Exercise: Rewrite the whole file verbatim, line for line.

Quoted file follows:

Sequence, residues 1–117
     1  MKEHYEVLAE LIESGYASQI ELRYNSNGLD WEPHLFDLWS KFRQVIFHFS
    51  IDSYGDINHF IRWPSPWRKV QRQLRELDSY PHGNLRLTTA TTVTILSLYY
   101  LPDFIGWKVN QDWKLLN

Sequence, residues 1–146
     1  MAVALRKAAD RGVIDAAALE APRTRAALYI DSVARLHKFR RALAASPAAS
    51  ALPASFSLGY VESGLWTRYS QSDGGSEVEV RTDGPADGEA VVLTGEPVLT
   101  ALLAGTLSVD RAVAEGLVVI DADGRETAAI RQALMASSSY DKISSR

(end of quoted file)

Sequence, residues 1–117
     1  MKEHYEVLAE LIESGYASQI ELRYNSNGLD WEPHLFDLWS KFRQVIFHFS
    51  IDSYGDINHF IRWPSPWRKV QRQLRELDSY PHGNLRLTTA TTVTILSLYY
   101  LPDFIGWKVN QDWKLLN

Sequence, residues 1–146
     1  MAVALRKAAD RGVIDAAALE APRTRAALYI DSVARLHKFR RALAASPAAS
    51  ALPASFSLGY VESGLWTRYS QSDGGSEVEV RTDGPADGEA VVLTGEPVLT
   101  ALLAGTLSVD RAVAEGLVVI DADGRETAAI RQALMASSSY DKISSR